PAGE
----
DFEH Settles National Origin Discrimination Case Against Orange County Landlord

January 7, 2019

For Immediate Release

Defendants to pay $16,000 for harassment of tenants based on their national origin

Sacramento – The California Department of Fair Employment and Housing (DFEH) has reached a settlement in a national origin discrimination case involving allegations that Orange County landlords Rosemarie Axton and her son Rodney Axton engaged in a campaign of harassment against a tenant family based on their Mexican national origin.

An Orange, California woman filed a complaint with DFEH on December 28, 2016 alleging that the Axtons harassed and retaliated against her, her partner, and their two children. The Axtons own and manage a four-unit apartment complex in Orange. The complaint alleged a monthslong pattern of harassing, discriminatory, and threatening behavior on the part of Rodney Axton towards the family. The harassment included spoken statements such as “I hate Mexicans,” discriminatory written notes containing insults about people of Mexican descent, and actions such as opening the family’s mail, destroying their household plants, and making threatening gestures.

DFEH found cause to believe that a violation of the Fair Employment and Housing Act had occurred and, after unsuccessful mediation, filed a lawsuit in Orange County Superior Court (case number 30-2018-00965639-CU-CR-CJC) in January 2018.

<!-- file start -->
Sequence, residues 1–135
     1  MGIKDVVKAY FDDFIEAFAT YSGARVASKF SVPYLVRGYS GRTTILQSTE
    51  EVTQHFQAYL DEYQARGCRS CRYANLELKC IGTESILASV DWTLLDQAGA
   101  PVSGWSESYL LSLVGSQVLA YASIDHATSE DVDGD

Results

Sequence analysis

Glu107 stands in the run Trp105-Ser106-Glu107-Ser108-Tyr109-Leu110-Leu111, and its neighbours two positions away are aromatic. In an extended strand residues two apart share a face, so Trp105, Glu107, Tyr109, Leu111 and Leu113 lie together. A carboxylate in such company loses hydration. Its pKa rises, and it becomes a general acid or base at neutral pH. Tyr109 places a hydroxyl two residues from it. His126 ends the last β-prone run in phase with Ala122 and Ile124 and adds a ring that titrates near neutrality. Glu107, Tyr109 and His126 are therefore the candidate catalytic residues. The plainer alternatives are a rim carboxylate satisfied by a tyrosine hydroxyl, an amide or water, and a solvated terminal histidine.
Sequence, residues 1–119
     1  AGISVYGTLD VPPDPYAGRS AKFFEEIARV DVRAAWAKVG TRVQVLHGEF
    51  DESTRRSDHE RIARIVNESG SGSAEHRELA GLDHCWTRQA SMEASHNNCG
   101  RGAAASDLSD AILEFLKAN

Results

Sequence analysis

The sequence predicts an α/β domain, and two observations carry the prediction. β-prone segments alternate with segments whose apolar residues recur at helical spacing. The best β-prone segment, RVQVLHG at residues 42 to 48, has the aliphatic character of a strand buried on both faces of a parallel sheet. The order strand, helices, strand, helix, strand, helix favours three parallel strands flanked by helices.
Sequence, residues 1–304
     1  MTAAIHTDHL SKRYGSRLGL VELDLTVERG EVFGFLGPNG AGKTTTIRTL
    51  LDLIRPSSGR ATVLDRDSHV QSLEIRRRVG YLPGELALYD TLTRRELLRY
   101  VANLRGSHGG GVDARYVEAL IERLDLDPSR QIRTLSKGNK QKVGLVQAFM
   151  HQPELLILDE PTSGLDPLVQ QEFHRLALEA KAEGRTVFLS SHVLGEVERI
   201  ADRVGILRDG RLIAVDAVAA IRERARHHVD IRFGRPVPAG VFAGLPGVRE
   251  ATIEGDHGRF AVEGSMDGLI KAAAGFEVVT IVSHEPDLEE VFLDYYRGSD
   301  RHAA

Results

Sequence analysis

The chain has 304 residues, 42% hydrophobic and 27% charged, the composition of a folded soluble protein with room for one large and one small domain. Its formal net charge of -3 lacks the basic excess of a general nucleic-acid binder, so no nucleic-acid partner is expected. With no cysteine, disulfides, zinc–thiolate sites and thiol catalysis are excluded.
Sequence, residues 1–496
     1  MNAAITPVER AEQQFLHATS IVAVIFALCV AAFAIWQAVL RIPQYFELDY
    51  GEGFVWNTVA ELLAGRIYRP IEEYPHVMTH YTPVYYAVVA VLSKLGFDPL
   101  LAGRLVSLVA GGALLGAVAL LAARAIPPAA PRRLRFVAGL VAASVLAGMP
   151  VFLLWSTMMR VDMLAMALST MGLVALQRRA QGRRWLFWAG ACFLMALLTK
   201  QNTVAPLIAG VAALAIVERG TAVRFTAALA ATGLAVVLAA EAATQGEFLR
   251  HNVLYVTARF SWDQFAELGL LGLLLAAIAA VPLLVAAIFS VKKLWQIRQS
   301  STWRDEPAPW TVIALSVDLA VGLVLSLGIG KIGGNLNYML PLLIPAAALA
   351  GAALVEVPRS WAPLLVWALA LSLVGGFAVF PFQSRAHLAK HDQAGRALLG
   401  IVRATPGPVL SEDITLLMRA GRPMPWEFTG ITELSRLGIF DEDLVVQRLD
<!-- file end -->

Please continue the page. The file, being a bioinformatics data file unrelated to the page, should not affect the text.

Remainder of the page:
“California law prohibits landlords from harassing tenants on any basis protected by law, including national origin,” said DFEH Director Kevin Kish. “Harassment can be verbal, visual, or physical in nature, and we encourage anyone experiencing harassment in their home to step forward.”

In settling the case, the landlords will pay the complainant $16,000, attend anti-discrimination trainings, and distribute fair housing brochures to their tenants. Staff Counsel Joni Carrasco represented DFEH in this proceeding.


The California Civil Rights Department (CRD) is the state agency charged with enforcing California’s civil rights laws. CRD’s mission is to protect the people of California from unlawful discrimination in employment, housing, public accommodations, and state-funded programs and activities, and from hate violence and human trafficking. For more information, visit calcivilrights.ca.gov.

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